Most cancers developed by contaminated water are listed as presumptive conditions by the U.S. Department of Veterans Affairs. This means that veterans who served at Camp Lejeune between August 1953 and December 1987 for at least 30 days and have later developed those conditions are eligible for getting compensation without proving anything else. 

But what about non-cancerous diseases not listed in the presumptive conditions list? Can you file a Camp Lejeune Contaminated Water Lawsuit for those diseases?

The answer is yes. If exposed to contaminated water at Camp Lejeune, you can file a lawsuit for non-cancerous diseases. The statute of limitations may be different than it is for cancer, but that doesn’t mean that the law won’t recognize your injury as real and worthy of compensation. Besides cancerous diseases, water contamination at Camp Lejeune was also associated with other conditions, such as miscarriage, congenital abnormalities, neurobehavioral effects, Scleroderma, etc.

If your family member was exposed to contaminated water at Camp Lejeune and is suffering from a non-cancerous disease or has died, you may still be able to file an injury claim on their behalf. You may secure compensation for pain and suffering, medical bills, lost wages, and other damages associated with the fatal illness.

How to File a Camp Lejeune Contaminated Water Lawsuit?

The following are some steps you can follow if you believe you have been affected by the contaminated water at Camp Lejeune:

  1. File a claim with the Veterans Administration (VA) within two years of discovering your injury or illness is related to exposure to toxic chemicals in the water supply at Camp Lejeune. You will need proof of exposure and proof of related medical care for your condition.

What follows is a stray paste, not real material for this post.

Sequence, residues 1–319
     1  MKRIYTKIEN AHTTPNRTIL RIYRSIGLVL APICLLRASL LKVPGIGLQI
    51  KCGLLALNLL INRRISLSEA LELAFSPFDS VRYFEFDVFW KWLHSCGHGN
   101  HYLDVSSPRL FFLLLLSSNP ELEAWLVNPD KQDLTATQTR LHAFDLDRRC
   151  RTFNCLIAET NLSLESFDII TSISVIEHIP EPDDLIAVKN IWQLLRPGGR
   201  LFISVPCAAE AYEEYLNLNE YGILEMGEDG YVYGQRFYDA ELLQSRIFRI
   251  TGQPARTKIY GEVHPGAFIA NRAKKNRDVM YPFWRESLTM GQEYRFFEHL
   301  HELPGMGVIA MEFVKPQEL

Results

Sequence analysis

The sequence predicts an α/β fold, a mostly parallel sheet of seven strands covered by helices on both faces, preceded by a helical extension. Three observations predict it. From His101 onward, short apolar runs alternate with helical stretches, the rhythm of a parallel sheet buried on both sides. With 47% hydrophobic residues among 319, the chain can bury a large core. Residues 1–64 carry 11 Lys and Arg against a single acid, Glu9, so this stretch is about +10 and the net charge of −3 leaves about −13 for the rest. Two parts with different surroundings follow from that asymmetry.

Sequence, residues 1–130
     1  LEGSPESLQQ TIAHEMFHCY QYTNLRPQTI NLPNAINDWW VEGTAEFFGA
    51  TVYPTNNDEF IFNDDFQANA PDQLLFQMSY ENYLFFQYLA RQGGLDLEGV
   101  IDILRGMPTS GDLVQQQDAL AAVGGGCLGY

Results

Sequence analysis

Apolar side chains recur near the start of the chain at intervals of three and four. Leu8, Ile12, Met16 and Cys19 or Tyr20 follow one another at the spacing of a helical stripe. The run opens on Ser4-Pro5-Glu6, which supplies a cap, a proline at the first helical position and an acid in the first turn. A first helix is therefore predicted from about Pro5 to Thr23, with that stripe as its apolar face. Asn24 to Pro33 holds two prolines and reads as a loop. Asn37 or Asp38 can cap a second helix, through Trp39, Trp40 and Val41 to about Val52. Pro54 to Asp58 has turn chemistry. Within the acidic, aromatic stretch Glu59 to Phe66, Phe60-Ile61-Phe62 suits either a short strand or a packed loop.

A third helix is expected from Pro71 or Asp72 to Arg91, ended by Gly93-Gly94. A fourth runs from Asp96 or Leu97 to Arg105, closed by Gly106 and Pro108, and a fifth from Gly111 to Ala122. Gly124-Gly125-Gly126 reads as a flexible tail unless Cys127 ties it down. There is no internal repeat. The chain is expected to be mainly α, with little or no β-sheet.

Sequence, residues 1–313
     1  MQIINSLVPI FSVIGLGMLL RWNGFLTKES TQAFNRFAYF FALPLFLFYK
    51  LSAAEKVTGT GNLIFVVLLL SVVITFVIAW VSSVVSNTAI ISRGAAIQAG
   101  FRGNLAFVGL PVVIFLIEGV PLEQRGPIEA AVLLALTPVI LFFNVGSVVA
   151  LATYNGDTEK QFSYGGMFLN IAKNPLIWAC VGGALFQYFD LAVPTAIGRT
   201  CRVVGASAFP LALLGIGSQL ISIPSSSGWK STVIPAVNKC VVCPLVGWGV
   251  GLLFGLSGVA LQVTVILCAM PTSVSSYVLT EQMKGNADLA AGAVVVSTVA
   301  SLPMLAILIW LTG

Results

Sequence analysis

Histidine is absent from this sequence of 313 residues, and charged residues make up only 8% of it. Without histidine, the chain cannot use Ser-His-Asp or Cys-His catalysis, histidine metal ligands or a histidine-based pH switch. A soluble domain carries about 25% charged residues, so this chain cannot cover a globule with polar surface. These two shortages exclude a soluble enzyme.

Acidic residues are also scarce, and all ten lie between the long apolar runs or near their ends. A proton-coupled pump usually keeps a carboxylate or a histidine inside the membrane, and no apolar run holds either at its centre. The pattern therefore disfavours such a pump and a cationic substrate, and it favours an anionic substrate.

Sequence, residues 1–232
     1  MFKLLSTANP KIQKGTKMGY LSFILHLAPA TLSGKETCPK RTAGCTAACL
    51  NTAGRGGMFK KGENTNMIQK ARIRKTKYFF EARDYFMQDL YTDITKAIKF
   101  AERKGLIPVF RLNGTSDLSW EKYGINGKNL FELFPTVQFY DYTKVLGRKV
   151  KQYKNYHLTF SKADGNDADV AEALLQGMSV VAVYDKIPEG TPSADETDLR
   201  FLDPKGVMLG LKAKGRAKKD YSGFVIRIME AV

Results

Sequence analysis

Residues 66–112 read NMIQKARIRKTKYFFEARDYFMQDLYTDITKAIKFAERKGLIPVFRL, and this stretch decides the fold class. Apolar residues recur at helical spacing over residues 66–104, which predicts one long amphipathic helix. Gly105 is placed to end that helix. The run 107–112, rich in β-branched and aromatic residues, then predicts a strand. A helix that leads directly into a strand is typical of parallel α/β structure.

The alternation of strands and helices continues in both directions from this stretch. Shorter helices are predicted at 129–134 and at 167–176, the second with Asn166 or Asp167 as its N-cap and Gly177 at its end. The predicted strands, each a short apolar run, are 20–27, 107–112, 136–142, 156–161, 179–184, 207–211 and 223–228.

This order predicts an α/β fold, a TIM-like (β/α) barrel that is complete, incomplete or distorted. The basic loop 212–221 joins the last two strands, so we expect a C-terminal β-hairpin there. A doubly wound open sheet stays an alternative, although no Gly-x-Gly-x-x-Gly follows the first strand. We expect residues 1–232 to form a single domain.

2. File an appeal if the VA denies your initial claim or if you receive less than full compensation from your claim. You must file your appeal within one year of receiving notice that your claim has been denied or reduced in value below $100,000. Suppose an administrative law judge finds that there has been a denial of due process or an error in law on behalf of VA officials during an appeal hearing. In that case, the judge may award up to $1,000 in attorney’s fees.
  3. File a lawsuit against Camp Lejeune for personal injury damages if you have not been fully compensated for your medical expenses and other losses by VA officials or through an appeal hearing. You should seek legal counsel from a veteran’s lawyer who is experienced in handling these cases before filing any claims with the court system.
  4. You’ll need to prove that the water contamination caused your illness and that you were exposed. If possible, gather records of your exposure, such as military service and medical records. Also, gather any reports showing how many other people were affected by Camp Lejeune’s contaminated drinking water during the same period.


The Camp Lejeune Contaminated Water Lawsuit is a critical case that can bring justice to the many people who have suffered from the contaminated water at Camp Lejeune. If you have been affected by this, filing a claim as soon as possible is vital to get compensation for your injuries or damages.